Images: Facial cataplexy with demonstration of persistent eye movements. Journal of clinical sleep medicine : JCSM : official publication of the American Academy of Sleep Medicine Schneider, L., Ellenbogen, J. 2020; 16 (1): 157–59


None: A patient was transferred for management of "medication-refractory seizures" after failure of levetiracetam and valproate dual therapy. She had a life-long history of two types of events: periods in which she would rapidly and uncontrollably lapse into unconsciousness, and spells in which she would "pass out" but maintain consciousness, the latter happening with increasing frequency in association with laughing, as of late. She also reported hypnogogic/hypnopompic hallucinations, sleep paralysis, and disrupted nocturnal sleep. A clinical diagnosis of narcolepsy was made. The prevailing pathophysiological concept of narcolepsy details "partial intrusions of REM" sleep into wakefulness. Healthy REM sleep includes generalized atonia, but with preservation of eye movements, respiratory function, and sphincter tone. Cataplexy recapitulates this pattern, and is often induced by extreme emotions, laughter in this case. Despite generalized and severe weakness and areflexia during this patient's cataplectic events, she was able to volitionally move her eyes, which is consistent with the physiology of REM sleep. The diagnosis of cataplexy is often missed, due to clinicians being unfamiliar with the findings and the lack of ability to induce sufficient emotional responses to trigger an episode. This example of cataplexy is also quite characteristic of the "cataplectic facies." The ability to observe the infrequently observed phenomenon of cataplexy serves as a reminder that consciousness is preserved, as are extra-ocular muscle movements.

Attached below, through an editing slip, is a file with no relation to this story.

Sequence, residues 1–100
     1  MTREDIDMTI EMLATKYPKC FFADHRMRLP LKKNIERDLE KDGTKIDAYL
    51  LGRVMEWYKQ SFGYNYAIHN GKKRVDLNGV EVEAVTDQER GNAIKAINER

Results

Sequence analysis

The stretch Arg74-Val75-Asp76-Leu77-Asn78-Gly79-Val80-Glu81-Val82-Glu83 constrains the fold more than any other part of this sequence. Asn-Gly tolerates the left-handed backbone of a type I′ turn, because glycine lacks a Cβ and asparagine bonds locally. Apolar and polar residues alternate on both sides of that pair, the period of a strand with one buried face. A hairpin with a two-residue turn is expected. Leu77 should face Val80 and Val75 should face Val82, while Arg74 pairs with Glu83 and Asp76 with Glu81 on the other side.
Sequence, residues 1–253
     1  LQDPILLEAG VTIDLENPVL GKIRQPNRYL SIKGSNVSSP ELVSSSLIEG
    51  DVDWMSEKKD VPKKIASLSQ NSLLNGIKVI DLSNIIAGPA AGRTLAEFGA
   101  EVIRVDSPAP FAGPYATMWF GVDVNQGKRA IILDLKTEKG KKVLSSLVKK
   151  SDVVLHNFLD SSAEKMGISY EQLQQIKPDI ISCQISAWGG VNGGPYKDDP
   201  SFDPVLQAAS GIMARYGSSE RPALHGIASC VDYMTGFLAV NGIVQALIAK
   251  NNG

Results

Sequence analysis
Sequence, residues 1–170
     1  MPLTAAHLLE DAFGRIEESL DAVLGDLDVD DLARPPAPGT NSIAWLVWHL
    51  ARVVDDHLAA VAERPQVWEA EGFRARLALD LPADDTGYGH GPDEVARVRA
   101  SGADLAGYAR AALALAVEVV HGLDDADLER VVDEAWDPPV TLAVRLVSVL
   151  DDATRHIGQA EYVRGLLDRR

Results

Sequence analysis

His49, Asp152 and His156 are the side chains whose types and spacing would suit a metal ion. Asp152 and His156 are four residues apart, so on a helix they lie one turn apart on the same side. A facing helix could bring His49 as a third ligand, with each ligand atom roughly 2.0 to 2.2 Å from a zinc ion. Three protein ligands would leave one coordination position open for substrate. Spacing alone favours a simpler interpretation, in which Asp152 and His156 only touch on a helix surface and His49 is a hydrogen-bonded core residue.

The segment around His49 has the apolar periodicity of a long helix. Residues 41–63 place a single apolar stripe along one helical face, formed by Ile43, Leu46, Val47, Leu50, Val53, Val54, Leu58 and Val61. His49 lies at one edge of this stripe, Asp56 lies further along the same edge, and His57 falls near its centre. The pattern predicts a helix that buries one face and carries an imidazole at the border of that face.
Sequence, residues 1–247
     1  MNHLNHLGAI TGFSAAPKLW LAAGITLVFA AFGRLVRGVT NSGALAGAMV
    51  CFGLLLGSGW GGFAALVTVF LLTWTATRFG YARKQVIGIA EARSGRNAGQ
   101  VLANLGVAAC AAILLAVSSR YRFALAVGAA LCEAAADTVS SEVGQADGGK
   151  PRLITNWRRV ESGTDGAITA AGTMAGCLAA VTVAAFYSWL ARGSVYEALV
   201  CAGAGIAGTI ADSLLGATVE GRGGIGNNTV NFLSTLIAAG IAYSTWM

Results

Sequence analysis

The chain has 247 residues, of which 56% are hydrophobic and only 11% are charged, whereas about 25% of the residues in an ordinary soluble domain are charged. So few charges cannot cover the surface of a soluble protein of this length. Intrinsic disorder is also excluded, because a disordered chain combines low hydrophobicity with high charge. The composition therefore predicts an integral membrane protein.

View details for DOI 10.5664/jcsm.8148

View details for PubMedID 31957646